The movie came out in 1996, somewhat bridging the gap between the cult TV show’s Comedy Central and Sci-Fi Channel years. Universal Pictures thought they could turn the TV show into a cheap but profitable franchise for themselves, while the creators of the show thought that successful live “riffs” of the show before audiences proved that it could work in a group theater setting.

The first featurette, released at the time of the film’s release, shows a Satellite of Love crew happily working on the film. The second, made for this Blu-ray release, delves into the constant struggle that the MSTies had with Universal executives to make the film. Having signed onto the film, Universal insisted on having input into seemingly every decision, including approving or vetoing individual jokes (a Bootsy Collins reference was changed, bizarrely, to a Leona Helmsley reference) and test-screening rough drafts of the film to death. (It’s grimly ironic that the movie trailer touts that the MST3K crew “can make jokes without a censor” in the film, since the meddling from Universal was much more pervasive than anything the show had gotten from Comedy Central or Sci-Fi.)

Michael J. Nelson, Trace Beaulieu and Kevin Murphy, along with showrunner (and UW-Madison grad)  Jim Mallon, complain openly about the arduous process, and it’s clear that they regard the finished product as a compromised thing. “The joy of doing this was strained terribly through this odd, arbitrary process.” Mallon said.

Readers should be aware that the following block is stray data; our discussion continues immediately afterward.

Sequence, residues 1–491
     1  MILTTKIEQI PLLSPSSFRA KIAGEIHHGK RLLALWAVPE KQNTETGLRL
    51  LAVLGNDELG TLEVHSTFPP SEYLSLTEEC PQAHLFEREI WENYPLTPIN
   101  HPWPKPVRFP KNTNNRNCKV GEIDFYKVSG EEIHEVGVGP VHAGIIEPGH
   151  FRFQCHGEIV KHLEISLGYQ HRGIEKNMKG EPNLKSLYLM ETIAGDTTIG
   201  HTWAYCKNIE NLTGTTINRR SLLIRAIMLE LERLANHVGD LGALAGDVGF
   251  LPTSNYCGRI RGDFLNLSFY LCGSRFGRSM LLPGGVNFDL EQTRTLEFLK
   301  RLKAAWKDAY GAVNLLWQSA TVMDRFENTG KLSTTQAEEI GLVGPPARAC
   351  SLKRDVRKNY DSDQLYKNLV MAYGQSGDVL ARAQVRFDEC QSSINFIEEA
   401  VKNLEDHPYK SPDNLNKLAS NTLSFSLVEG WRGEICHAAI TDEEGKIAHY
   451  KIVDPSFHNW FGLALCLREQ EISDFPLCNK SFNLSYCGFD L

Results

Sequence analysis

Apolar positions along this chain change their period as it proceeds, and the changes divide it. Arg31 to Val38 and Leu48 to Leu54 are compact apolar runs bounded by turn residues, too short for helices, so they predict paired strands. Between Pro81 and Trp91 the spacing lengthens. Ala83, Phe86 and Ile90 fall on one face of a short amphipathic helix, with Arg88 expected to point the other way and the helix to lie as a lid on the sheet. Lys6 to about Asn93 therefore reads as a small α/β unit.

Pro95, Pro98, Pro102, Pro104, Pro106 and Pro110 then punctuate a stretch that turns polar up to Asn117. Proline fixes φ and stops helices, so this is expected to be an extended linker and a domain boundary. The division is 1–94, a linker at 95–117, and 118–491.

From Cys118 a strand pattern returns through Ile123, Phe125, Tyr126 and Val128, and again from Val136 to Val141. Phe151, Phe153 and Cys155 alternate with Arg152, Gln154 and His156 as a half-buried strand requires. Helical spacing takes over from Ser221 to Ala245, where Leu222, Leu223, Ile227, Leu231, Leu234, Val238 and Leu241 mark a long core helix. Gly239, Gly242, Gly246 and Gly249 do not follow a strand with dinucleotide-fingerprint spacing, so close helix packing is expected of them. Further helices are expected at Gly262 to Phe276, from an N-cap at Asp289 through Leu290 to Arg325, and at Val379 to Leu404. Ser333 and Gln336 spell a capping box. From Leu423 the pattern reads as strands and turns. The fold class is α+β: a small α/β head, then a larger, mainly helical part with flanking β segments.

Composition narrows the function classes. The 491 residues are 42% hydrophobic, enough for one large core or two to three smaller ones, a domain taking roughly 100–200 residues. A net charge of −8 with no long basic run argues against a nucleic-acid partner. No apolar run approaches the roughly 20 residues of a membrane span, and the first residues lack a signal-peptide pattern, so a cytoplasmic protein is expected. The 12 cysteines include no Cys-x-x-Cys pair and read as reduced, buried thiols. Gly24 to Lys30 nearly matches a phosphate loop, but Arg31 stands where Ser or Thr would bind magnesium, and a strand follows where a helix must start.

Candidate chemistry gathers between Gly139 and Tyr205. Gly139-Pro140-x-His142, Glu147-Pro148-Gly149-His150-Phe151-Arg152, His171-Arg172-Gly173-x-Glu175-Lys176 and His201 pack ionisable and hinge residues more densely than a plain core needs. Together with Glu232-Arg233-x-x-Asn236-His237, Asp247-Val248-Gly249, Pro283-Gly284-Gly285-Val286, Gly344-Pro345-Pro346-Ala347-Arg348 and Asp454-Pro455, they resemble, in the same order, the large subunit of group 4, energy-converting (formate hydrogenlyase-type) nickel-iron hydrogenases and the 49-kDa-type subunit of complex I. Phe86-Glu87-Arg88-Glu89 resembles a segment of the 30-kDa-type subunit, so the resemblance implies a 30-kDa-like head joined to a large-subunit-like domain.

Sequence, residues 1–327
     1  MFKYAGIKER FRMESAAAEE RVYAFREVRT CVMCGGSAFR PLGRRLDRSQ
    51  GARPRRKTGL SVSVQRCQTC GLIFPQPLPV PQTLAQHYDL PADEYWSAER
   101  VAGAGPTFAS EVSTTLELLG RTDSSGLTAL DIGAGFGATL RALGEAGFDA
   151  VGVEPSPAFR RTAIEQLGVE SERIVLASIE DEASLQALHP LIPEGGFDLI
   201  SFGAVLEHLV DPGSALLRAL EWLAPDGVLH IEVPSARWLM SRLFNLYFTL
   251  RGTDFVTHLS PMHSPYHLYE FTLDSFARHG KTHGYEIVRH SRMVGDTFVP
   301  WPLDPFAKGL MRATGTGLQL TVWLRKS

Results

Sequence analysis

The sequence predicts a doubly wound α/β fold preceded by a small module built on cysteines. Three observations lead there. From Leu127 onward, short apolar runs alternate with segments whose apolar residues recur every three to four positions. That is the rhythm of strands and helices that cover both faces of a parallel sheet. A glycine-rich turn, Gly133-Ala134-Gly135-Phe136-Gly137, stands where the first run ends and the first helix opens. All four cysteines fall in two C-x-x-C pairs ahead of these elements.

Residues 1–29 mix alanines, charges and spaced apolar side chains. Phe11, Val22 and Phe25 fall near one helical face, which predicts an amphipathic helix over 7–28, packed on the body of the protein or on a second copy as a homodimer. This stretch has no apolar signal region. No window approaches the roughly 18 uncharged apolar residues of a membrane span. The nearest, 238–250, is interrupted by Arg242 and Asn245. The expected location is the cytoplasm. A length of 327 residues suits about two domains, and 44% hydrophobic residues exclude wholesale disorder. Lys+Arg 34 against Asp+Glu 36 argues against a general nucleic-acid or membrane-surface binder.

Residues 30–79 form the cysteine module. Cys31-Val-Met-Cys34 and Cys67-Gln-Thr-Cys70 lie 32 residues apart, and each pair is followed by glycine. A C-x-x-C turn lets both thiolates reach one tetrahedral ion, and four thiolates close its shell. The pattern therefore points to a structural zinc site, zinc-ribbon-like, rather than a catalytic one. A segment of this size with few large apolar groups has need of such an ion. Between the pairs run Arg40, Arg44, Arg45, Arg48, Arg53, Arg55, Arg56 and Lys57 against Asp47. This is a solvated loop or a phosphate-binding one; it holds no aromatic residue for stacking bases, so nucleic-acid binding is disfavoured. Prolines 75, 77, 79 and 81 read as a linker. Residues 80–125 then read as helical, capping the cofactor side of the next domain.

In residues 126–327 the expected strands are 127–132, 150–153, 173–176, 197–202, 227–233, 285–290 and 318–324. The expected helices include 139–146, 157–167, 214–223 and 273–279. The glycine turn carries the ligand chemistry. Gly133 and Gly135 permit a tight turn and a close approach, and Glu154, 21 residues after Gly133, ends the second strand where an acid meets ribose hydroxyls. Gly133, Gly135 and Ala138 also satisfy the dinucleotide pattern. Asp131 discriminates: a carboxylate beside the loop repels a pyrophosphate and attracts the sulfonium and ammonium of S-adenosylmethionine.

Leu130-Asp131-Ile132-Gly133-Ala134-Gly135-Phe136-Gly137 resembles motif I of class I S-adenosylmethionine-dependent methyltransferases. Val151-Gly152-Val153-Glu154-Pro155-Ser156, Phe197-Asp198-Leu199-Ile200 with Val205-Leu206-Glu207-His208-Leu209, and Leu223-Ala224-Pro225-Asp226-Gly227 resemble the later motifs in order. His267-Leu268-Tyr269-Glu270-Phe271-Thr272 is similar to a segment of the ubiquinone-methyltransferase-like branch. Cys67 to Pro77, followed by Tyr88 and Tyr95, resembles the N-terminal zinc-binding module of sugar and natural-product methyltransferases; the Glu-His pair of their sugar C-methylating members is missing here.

That said, the movie itself comes off, as Murphy puts it, as a “better-than-average” episode of the TV show, with significantly better production values given to the host segments, which were shot on a much bigger studio space. The movie that the guys riff on, “This Island Earth,” is actually a pretty good scifi movie, and overall the image pops on Blu-ray in a way most episodes of the TV show just wouldn’t. The release also includes deleted scenes (axed by the studio, naturally) and you get a taste of the cover version of the MST3K theme song done for the movie by Dave Alvin.

In the end, I’ll bet the experience of making the movie was so painful for Mike and the gang that I doubt they’ll ever pop in a copy of the Blu-ray release. But for fans, its an essential part of the collection, and a surprisingly revealing look at the hazards of letting outsiders into your strange little world in the hopes of achieving mainstream success. Better to stay on your own Satellite of Love, unreachable by the mad scientists down below, doing it on your own terms.